As the two-dimensional sensor, it is also possible to use a thermal phosphor sheet as disclosed in, for example, Japanese Patent Publication Nos. 55(1980)-47719 and 55(1980)-47720. A thermal phosphor sheet is composed of a sheet-like recording material comprising a phosphor (thermal phosphor) which is caused mainly by the effect of heat to release energy, which was stored thereon during its exposure to radiation, as thermal fluorescence.

With the aforesaid method for recording and reproducing an electron microscope image wherein an electron microscope image is stored on a two-dimensional sensor such as a stimulable phosphor sheet, the electron microscope image can be recorded with a high sensitivity. Therefore, the energy of the electron beam used to record the electron microscope image can be decreased, and damage to the sample can be minimized. Also, with this method for recording and reproducing an electron microscope image, it becomes very easy to carry out image processing, such as gradation processing and frequency response enhancement processing, on the electron microscope image. Also, when the electric signal is fed into a computer, it becomes possible quickly and simply to carry out diffraction pattern processing, reconstruction of a three-dimensional image, and image analysis for image conversion into a binary image or the like.

In the aforesaid method for recording and reproducing an electron microscope image, it is desirable for a visible electron microscope image to be reproduced which has good image quality and which can serve as an effective tool in, particularly, the efficient and accurate analysis of a sample. For this purpose, in the course of reading out an electron microscope image from a two-dimensional sensor (i.e. in the course of detecting light emitted by the two-dimensional sensor), read-out conditions such as a read-out gain and a scale factor (latitude) should be set to values suitable for the image input information stored on the two-dimensional sensor. In order to satisfy this requirement, the method disclosed in, for example, Japanese Unexamined Patent Publication No. 62(1987)-222556, will be considered, in which method a preliminary read-out operation (hereinafter referred to as the "preliminary readout") is carried out. Specifically, before a final read-out operation (hereinafter referred to as the "final readout") is carried out in order to obtain an image signal which is used to reproduce a visible electron microscope image, a preliminary readout is conducted in order approximately to ascertain the electron microscope image stored on the two-dimensional sensor. On the basis of the approximately ascertained information about the electron microscope image, the read-out conditions for the final readout and/or image processing conditions for the processing of the image signal obtained from the final readout are set. In this manner, a visible electron microscope image having the best possible image quality can be reproduced.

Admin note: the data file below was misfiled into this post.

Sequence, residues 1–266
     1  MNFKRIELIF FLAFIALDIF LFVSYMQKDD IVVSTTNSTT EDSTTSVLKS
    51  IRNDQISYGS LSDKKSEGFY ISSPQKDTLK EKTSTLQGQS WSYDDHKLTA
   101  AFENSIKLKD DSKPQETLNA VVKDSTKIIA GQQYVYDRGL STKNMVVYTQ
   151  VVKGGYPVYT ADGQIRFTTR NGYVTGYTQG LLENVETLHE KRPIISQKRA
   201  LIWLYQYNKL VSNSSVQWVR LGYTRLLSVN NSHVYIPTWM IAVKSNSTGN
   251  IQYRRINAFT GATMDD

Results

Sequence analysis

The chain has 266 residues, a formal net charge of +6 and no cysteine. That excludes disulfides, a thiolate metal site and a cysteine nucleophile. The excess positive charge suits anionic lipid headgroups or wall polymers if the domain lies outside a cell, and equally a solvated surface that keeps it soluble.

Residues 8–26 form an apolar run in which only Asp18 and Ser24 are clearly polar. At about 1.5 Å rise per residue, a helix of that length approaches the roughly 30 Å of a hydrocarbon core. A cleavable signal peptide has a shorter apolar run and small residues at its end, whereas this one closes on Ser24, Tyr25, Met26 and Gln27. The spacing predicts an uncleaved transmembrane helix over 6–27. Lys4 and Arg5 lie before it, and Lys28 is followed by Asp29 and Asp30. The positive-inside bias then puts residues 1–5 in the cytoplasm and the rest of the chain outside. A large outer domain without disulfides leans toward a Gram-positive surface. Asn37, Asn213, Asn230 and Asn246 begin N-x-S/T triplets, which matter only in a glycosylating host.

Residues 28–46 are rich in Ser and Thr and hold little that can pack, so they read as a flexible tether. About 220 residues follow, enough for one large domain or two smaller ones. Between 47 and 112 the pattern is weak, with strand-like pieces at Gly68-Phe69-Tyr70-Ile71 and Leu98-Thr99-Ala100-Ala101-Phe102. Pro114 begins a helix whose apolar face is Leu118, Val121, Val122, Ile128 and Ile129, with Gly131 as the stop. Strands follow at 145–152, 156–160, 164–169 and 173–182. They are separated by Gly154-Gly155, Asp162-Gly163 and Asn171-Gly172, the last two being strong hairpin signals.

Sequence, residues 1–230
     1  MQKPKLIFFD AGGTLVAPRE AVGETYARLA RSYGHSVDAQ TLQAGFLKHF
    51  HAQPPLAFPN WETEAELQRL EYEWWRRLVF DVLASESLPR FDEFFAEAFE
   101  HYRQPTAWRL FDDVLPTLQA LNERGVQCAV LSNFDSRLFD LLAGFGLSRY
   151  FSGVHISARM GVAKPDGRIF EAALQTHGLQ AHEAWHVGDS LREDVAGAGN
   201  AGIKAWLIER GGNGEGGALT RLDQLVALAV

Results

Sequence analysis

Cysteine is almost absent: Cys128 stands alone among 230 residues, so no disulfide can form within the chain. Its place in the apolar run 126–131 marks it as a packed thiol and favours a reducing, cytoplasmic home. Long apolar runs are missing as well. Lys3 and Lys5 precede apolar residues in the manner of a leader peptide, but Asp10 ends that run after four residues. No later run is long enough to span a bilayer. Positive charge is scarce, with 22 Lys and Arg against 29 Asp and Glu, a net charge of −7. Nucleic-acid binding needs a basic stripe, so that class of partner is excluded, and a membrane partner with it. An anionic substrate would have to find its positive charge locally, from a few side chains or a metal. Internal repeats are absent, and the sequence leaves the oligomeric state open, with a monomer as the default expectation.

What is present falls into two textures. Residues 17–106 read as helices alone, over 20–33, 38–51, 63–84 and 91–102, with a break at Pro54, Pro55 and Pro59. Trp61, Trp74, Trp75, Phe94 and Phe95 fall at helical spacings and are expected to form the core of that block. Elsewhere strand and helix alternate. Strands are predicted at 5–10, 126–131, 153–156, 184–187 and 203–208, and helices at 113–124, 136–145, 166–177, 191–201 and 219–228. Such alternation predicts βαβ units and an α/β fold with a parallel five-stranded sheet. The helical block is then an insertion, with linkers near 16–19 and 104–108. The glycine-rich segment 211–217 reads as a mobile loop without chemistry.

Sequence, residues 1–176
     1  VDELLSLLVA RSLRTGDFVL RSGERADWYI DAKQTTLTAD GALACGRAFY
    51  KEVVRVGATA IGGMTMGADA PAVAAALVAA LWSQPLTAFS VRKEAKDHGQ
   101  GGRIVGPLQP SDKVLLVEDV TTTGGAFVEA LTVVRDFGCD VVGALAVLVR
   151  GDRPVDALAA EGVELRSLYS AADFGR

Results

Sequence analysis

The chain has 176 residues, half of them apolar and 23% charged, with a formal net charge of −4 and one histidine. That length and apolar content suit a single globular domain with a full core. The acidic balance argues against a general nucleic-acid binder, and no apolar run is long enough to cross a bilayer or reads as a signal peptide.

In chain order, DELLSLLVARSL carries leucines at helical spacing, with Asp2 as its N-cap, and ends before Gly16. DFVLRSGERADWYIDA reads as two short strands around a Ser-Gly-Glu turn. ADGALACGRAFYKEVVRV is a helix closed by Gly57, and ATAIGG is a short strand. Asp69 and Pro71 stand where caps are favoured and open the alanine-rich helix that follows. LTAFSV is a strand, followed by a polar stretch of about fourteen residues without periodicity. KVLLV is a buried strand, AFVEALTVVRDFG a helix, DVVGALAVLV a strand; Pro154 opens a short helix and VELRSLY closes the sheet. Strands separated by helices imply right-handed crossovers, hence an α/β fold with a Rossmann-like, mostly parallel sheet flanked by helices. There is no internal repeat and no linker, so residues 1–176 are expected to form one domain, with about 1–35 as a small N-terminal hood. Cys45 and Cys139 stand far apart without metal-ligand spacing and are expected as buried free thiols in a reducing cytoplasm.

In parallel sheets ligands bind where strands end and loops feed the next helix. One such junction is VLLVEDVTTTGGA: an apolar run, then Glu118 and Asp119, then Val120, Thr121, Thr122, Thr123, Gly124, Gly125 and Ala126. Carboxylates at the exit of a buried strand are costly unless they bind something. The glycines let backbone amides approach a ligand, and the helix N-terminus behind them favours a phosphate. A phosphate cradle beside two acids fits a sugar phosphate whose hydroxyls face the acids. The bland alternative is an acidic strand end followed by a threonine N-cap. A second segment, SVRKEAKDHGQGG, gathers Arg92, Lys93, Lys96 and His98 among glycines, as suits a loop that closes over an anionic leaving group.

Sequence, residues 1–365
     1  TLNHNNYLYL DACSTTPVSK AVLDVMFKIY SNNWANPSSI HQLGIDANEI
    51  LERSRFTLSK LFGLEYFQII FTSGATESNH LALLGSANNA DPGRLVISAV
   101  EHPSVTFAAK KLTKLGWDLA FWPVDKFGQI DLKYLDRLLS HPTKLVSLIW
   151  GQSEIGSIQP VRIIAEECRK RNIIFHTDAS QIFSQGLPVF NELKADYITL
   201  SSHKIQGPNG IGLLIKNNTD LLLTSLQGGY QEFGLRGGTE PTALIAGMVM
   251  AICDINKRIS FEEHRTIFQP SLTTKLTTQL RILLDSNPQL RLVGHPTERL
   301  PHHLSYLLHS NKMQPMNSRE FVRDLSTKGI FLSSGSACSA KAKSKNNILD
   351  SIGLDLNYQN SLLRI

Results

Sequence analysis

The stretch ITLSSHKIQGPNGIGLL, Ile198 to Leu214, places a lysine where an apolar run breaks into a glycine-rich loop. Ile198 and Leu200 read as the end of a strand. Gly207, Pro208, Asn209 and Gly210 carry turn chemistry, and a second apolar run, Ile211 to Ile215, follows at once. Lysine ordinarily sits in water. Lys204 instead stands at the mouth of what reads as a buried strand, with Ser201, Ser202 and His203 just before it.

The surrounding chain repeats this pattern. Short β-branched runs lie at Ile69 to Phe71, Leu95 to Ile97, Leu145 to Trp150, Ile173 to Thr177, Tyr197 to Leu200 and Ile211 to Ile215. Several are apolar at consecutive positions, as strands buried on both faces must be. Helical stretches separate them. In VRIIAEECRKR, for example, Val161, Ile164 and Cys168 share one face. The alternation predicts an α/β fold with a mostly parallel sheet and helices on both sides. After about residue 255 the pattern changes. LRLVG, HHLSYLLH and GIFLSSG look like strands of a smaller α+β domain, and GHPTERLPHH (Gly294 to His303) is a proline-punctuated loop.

However, in cases where the preliminary readout is carried out, it takes a long time to carry out the whole read-out operation. Also, because a mechanism for the preliminary readout must be provided, the read-out apparatus becomes complicated. Additionally, in cases where a plurality of two-dimensional sensors are subjected to the preliminary readout and the final readout, unless the preliminary readout carried out for a certain two-dimensional sensor is always associated with the final readout carried out for the same two-dimensional sensor, a problem will occur in that read-out conditions, which have been determined on the basis of information obtained from the preliminary readout carried out for a certain two-dimensional sensor, may be set for a final readout which is carried out on a different two-dimensional sensor. Therefore, in cases where a preliminary readout is carried out, two-dimensional sensors must be managed very carefully in the course of reading out electron microscope images. Performing such management functions is troublesome.